Jockey Club plan allows punters to join racehorse-owning elite

Murray Bell

Owning a racehorse has become a lot easier for the ordinary racing fan with the Hong Kong Jockey Club's new horse syndication system.

The 25 trainers will each be given a special permit to buy a horse and syndicate it among current and prospective clients, in a radical departure from the traditional member-based permit system.

Executive director of racing Winfried Engelbrecht-Bresges said the concept had been approved in principle and a three-week consultative process with trainers would now begin. Syndication models from other racing nations, particularly Japan and Australia, would be studied.

'We want to give the trainers more opportunity to form a syndicate, of between five and 50 owners, who can join forces and buy the sorts of horses that can participate in the big races,' Mr Engelbrecht-Bresges said.

Currently, the only way to race a horse is to become a member of the Jockey Club at a cost of $250,000 and win a prized permit in a draw. The owner often selects the horse and sends it to a trainer of his choice. But he may have to wait up to three years before his name comes out in the ballot because of the high demand for ownership permits, this season outstripping supply by some 200 per cent.

'At the moment, if a member decides to become an owner of a horse, and applies for a permit, it may take three years for their name to come out in the ballot,' Mr Engelbrecht-Bresges said.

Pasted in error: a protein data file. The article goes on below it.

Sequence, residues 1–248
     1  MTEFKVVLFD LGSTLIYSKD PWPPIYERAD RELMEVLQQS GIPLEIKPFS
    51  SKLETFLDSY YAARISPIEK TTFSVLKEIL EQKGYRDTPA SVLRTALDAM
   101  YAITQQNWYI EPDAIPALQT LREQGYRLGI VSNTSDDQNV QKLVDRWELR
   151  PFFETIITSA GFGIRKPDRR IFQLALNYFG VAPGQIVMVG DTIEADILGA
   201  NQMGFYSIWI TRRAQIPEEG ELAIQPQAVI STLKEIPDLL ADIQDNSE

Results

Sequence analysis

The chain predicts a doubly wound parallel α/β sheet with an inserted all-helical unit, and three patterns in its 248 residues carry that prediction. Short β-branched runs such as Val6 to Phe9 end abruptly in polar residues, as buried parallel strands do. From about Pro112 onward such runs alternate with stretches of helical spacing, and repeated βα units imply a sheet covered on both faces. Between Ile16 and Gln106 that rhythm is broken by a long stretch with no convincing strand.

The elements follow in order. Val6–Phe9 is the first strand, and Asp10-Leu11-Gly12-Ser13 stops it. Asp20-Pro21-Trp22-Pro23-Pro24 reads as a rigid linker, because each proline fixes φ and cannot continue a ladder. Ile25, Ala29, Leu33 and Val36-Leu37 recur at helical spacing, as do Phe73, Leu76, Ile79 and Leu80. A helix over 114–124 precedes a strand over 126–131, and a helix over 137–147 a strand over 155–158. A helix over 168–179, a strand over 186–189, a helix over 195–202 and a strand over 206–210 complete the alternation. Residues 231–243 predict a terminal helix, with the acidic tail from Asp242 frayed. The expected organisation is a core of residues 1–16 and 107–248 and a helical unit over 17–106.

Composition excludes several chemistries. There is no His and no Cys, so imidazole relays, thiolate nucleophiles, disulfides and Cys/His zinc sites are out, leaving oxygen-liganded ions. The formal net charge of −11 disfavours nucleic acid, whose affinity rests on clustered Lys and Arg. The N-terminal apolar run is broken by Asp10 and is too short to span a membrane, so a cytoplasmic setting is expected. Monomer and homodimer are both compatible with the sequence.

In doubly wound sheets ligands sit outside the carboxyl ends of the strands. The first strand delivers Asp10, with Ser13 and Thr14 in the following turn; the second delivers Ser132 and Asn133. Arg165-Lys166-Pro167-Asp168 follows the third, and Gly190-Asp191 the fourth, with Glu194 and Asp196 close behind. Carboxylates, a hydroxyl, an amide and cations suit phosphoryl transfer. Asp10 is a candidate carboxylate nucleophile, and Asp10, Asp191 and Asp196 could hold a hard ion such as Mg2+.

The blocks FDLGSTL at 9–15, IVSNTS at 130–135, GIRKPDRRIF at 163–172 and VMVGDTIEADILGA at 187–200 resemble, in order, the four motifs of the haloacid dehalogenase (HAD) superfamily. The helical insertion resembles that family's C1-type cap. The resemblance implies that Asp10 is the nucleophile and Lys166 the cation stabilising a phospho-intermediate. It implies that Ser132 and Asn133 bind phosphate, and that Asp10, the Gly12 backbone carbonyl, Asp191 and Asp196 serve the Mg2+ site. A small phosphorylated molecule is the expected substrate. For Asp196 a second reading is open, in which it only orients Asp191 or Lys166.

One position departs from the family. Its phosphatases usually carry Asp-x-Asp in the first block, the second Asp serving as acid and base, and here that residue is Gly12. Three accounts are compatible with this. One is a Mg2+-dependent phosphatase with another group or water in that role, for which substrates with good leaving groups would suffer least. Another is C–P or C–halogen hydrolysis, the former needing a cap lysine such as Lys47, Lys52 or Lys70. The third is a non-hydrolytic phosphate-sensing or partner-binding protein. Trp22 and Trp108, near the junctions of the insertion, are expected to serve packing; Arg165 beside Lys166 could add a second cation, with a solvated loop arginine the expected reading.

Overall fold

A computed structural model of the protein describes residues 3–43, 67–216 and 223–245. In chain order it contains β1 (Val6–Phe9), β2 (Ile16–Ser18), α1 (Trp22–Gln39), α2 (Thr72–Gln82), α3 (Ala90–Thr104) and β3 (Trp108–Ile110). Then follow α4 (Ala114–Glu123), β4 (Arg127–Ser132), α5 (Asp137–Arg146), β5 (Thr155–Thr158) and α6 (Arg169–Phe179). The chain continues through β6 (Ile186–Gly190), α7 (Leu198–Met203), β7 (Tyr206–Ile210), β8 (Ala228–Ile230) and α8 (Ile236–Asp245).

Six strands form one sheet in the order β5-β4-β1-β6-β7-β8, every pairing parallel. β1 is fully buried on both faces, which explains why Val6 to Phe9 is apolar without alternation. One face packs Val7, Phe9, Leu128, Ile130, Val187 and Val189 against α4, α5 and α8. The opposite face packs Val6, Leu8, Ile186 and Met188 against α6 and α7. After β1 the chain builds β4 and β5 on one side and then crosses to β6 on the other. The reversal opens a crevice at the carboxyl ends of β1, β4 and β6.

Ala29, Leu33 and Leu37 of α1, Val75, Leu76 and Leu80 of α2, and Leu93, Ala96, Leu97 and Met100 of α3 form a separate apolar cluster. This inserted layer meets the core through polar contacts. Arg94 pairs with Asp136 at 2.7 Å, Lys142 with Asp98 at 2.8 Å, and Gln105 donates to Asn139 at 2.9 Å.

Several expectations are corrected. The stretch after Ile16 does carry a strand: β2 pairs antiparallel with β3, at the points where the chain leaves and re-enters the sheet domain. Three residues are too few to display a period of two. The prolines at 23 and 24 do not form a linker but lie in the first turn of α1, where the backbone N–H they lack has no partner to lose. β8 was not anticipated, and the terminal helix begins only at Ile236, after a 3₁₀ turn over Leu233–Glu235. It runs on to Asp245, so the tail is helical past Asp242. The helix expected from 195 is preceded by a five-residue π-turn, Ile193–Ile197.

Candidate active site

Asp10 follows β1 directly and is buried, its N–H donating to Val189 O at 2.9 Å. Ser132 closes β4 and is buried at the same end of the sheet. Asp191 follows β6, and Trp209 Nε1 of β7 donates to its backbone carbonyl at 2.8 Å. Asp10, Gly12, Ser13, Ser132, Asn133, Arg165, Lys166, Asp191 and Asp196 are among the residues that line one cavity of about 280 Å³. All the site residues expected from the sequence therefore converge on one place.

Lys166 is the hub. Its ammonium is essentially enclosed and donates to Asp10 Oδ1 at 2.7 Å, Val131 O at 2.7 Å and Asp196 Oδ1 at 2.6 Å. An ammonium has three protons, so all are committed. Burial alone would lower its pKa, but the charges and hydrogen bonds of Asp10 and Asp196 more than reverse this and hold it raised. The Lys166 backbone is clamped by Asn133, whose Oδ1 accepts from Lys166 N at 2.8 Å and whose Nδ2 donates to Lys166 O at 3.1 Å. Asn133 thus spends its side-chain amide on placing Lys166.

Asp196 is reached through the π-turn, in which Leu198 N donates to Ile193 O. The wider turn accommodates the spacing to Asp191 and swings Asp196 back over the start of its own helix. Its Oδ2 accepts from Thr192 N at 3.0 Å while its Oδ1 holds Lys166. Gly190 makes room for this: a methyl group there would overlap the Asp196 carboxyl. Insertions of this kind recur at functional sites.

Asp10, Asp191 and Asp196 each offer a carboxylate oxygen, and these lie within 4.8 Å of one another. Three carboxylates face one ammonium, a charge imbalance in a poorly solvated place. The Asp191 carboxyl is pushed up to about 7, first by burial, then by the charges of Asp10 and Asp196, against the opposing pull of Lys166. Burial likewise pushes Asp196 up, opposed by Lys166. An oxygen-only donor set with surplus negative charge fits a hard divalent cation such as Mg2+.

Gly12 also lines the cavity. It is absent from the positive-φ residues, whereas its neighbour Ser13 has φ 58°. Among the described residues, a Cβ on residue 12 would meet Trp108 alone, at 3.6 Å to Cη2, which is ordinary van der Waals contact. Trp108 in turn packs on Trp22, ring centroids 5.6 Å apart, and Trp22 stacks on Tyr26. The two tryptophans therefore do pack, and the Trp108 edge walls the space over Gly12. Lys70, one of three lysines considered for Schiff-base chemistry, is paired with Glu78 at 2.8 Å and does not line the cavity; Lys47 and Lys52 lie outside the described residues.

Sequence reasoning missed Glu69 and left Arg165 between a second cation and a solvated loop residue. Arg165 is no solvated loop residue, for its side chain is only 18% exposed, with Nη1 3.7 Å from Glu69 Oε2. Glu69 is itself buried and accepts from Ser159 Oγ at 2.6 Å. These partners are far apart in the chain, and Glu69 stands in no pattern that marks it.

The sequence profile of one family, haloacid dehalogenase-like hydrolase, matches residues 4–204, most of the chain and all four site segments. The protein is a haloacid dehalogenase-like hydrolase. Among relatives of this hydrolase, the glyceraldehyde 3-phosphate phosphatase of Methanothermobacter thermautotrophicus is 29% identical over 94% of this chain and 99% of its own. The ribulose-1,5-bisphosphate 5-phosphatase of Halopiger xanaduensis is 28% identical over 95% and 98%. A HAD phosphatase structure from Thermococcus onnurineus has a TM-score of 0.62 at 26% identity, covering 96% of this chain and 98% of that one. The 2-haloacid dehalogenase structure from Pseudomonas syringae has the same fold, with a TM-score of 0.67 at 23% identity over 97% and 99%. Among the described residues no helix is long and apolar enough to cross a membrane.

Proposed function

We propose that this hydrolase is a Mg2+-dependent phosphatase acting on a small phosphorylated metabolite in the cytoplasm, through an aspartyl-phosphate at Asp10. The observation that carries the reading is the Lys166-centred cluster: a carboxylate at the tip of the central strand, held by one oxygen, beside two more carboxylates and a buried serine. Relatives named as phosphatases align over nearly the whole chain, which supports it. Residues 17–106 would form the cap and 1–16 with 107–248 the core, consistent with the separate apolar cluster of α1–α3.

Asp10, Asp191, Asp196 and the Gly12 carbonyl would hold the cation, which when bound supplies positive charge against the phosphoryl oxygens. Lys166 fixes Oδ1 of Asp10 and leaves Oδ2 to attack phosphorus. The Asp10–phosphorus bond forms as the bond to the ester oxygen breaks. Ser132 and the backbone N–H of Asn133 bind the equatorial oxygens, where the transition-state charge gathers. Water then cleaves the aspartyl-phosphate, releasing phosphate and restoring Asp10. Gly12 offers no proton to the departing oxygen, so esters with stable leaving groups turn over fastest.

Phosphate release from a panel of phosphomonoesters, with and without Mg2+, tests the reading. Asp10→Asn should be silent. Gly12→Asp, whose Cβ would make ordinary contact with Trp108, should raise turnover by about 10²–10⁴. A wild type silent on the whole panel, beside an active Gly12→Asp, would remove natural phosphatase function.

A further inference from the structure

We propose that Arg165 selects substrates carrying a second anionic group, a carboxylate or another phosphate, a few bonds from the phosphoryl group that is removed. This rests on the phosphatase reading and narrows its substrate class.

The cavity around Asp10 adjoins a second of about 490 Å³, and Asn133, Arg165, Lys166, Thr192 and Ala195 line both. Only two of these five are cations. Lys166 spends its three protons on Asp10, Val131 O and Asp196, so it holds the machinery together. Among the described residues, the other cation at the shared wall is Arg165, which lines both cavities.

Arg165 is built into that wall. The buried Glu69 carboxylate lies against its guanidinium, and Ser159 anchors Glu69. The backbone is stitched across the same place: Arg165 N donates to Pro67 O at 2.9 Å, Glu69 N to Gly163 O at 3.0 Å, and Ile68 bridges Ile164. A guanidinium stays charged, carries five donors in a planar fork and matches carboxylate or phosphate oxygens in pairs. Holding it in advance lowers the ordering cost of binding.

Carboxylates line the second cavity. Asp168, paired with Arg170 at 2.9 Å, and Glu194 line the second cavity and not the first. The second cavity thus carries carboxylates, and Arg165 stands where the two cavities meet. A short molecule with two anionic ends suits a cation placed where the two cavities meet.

'Then, they buy their horse and it might be another 11/2 years before it actually gets here and wins a race. So we feel the 41/2 years' time lapse between a potential owner getting that urge, and having it realised in this competitive environment is just too long. They are liable to lose interest and go off and do some-thing else.'

Under the new system the trainer will have the management rights and be able to form a syndicate of up to 50 owners, who can become 'racing members' for $36,000.

The Jockey Club is concerned at the way the top horses have polarised into the top stables.

The new system gives the more unfashionable trainer a chance to buy a future champion - as he is not at the whim of an owner who prefers to send his horse to a more celebrated trainer.


'This is a significant structural change and we are delighted the racing committee has given it the green light,' Mr Engelbrecht-Bresges said.